developers like D-76. The effect is much less pronounced in
    modern films because they have very hard emulsions that do
    not swell much in processing. The other kind of clumping is
    due to the distribution of grains in the emulsion and is not
    affected by swelling or developer pH.
     
    Richard Knoppow, Jul 16, 2007
    #3
  4. Noons

    Noons Guest


    Thank a zillion, Richard. That answered all my questions
    perfectly. I'll chase up the doco as well. Yes, I'm aware
    of the scanner alias "grain" problem as well. It's
    particularly noticeable with older films such as D400 with the
    "hazy" emulsion side. FWIW: I've noticed it is much reduced
    with newer colour neg films such as the latest from
    Fuji and Kodak: these have an emulsion side that is much
    less "rough" and show almost no scanner alias grain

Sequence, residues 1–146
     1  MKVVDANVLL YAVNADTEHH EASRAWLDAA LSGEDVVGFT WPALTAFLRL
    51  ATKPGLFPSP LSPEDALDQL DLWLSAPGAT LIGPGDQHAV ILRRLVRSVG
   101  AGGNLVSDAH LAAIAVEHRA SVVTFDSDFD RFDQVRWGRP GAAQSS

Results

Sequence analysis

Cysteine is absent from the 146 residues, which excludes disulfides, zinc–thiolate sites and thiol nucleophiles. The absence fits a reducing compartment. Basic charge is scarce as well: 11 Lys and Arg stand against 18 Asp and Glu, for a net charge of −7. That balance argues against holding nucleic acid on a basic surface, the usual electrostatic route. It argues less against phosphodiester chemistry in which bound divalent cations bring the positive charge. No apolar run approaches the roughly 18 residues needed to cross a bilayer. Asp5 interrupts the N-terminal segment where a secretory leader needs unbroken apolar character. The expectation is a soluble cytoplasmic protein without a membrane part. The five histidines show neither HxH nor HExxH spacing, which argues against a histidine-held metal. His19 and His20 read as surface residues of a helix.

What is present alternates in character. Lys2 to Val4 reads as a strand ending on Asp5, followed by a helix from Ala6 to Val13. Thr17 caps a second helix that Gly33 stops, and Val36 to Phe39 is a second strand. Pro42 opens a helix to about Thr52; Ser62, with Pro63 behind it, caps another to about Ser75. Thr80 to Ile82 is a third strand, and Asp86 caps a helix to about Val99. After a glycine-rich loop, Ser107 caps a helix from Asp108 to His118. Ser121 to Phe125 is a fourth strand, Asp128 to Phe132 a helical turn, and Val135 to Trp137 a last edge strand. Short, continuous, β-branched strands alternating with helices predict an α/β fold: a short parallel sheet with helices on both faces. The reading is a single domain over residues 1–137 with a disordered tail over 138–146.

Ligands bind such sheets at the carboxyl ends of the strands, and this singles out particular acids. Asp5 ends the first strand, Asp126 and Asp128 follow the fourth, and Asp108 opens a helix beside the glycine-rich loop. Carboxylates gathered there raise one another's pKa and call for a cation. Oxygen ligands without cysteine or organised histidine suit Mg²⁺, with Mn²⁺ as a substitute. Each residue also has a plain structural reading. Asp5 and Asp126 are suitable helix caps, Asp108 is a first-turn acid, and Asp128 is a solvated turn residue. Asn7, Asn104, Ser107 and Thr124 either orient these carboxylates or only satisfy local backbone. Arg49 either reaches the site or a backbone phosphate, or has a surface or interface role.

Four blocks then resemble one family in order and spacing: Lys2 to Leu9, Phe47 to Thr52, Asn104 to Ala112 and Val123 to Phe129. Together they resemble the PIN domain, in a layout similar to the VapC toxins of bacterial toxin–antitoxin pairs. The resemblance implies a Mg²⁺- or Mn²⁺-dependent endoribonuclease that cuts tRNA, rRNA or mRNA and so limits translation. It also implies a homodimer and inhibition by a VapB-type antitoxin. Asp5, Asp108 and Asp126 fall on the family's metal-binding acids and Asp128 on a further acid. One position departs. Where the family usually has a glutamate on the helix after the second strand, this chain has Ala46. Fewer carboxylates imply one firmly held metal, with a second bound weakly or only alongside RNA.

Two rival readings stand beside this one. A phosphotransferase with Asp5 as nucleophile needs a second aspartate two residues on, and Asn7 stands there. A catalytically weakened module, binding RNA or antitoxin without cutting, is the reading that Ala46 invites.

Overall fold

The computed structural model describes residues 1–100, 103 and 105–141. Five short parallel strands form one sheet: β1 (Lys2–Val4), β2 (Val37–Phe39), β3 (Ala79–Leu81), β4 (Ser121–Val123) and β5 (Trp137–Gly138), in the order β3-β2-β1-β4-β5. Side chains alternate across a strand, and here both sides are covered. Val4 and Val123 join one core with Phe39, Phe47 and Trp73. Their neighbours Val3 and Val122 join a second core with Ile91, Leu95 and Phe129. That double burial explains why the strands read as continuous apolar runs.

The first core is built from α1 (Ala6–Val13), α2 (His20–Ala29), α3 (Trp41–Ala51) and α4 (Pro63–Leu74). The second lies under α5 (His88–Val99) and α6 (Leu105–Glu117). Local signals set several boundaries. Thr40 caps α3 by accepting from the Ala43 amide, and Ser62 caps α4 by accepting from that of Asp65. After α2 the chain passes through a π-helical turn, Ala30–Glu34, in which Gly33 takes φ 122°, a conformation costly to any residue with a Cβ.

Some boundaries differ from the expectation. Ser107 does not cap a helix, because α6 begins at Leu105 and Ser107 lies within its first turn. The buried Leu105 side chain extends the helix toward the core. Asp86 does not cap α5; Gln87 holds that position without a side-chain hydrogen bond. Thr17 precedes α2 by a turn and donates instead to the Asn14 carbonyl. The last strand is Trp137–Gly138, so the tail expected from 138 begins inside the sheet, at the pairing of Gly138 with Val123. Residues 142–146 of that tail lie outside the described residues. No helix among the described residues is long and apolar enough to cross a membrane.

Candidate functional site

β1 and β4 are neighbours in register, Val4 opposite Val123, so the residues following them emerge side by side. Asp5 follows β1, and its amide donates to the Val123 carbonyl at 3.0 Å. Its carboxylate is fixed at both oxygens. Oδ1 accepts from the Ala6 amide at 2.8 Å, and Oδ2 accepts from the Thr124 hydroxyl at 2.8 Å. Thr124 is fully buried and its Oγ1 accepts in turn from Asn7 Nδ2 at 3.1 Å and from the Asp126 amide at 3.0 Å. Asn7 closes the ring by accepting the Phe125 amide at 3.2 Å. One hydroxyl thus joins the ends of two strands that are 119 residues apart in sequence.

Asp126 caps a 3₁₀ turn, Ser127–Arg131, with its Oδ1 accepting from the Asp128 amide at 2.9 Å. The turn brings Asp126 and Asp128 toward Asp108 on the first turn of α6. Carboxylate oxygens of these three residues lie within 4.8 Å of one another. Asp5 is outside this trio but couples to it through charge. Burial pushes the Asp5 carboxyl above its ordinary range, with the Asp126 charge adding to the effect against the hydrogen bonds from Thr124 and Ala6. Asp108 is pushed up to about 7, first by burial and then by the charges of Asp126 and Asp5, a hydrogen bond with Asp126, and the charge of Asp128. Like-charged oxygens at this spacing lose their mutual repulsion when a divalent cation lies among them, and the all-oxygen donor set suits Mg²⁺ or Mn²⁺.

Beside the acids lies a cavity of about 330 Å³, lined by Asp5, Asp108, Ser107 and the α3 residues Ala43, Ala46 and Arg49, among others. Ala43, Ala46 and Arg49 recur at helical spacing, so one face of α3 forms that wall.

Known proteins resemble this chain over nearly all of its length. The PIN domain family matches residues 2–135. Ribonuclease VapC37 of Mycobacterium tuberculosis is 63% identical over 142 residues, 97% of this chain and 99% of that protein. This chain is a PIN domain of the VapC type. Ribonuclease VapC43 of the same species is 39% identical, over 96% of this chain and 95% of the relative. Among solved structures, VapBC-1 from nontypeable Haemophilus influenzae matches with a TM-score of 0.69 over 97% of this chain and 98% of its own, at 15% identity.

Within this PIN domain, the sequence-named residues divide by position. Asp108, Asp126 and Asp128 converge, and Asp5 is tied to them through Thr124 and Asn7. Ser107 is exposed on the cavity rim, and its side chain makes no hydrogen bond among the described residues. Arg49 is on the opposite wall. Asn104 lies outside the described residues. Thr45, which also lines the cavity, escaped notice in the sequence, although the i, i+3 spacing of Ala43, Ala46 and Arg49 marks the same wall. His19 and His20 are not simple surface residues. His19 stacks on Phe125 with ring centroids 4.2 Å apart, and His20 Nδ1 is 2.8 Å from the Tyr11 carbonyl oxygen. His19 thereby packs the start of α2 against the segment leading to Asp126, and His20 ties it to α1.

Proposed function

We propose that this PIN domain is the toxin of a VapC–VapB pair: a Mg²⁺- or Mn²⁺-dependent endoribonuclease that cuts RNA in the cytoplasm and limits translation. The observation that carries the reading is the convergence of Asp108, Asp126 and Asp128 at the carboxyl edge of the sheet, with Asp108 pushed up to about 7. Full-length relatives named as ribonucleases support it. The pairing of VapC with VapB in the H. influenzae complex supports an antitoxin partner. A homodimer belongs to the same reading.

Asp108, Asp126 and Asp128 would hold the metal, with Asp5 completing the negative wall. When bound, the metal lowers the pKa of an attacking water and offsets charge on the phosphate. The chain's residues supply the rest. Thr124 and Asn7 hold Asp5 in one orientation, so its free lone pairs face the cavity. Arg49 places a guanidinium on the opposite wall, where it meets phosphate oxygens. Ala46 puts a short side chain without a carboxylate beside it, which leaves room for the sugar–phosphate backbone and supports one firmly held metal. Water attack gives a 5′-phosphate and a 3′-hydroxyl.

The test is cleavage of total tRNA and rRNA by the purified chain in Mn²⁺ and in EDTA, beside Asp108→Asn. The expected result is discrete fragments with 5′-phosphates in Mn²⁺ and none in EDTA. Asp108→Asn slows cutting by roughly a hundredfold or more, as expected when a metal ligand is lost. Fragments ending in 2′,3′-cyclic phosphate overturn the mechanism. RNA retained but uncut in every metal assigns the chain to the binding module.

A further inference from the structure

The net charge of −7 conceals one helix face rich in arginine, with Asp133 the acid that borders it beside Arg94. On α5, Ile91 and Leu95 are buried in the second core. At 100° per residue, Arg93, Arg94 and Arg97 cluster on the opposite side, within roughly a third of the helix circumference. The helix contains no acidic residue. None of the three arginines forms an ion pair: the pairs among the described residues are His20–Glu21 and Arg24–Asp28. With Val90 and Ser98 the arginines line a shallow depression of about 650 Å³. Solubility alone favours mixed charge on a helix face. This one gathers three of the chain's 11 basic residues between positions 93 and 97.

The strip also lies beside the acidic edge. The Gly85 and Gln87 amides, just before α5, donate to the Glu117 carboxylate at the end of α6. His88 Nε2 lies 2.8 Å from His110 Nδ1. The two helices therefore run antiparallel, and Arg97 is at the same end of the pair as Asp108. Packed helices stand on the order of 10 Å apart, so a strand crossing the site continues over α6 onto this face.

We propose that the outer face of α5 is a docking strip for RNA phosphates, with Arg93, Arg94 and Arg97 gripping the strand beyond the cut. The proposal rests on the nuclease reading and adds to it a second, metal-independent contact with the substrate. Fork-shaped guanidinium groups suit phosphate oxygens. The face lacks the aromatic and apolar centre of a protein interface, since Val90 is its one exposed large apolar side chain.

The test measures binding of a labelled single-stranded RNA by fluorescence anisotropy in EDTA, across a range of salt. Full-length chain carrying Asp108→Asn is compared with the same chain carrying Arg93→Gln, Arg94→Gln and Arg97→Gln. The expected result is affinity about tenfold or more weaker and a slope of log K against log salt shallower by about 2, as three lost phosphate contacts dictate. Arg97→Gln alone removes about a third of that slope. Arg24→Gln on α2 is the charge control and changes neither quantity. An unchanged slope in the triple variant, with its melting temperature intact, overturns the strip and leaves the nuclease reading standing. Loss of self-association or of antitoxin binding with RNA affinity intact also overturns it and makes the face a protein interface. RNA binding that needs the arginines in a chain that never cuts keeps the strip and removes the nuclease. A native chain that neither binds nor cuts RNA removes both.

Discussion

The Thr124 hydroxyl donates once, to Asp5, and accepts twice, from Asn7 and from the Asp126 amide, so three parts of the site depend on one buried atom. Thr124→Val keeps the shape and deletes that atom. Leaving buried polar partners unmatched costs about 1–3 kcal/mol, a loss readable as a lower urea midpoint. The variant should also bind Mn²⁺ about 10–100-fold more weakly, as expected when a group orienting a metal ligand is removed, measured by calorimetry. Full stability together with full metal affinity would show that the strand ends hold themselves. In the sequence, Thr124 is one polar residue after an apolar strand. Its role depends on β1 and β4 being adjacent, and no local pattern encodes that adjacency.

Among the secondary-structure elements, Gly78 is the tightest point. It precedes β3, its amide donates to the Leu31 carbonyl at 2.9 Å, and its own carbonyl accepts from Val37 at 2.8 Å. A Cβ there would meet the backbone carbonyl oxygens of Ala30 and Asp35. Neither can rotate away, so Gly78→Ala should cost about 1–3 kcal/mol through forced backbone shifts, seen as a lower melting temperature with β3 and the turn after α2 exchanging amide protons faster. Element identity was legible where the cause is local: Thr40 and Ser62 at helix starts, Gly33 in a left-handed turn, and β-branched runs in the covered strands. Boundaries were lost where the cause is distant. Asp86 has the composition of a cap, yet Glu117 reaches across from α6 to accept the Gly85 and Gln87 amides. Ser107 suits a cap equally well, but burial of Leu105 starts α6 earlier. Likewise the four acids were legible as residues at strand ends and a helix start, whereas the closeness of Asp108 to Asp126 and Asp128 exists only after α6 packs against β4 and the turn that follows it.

with scanners like the 9000. The latest batches of Kodak
    chromogenic BW film - BW400CN - also don't show this problem
    as much as Ilford's.
     
    Noons, Jul 16, 2007
    #4
  5. Noons

    darkroommike Guest

    When we first went hybrid at my paper, shoot film then scan
    for prepress, we found that negatives that looked too thin
    to print scanned well and scanned faster on our Leaf scanner
    that did "normal" negatives.
    darkroommike
     
    darkroommike, Jul 17, 2007
    #5
  6. Noons

    UC Guest


    Yes, in my book.

    Briefly, the thinnest areas of the negative are hit by the least
    light. Every emuslion contains a variety of grain sizes. The smaller
    ones are the least sensitive. The largest ones are the most sensitive.
    Larger ones have a statistically higher probability of being struck by
    light. The lower the light intensity, the greater the proportion of
    large grains that are exposed. Thus, shadows contain a higher
    proportion of exposed and developed large grains than mid-tones or
    highlights.
     
    UC, Jul 24, 2007
    #6
    1. Advertisements

Ask a Question

Want to reply to this thread or ask your own question?

You'll need to choose a username for the site, which only take a couple of moments (here). After that, you can post your question and our members will help you out.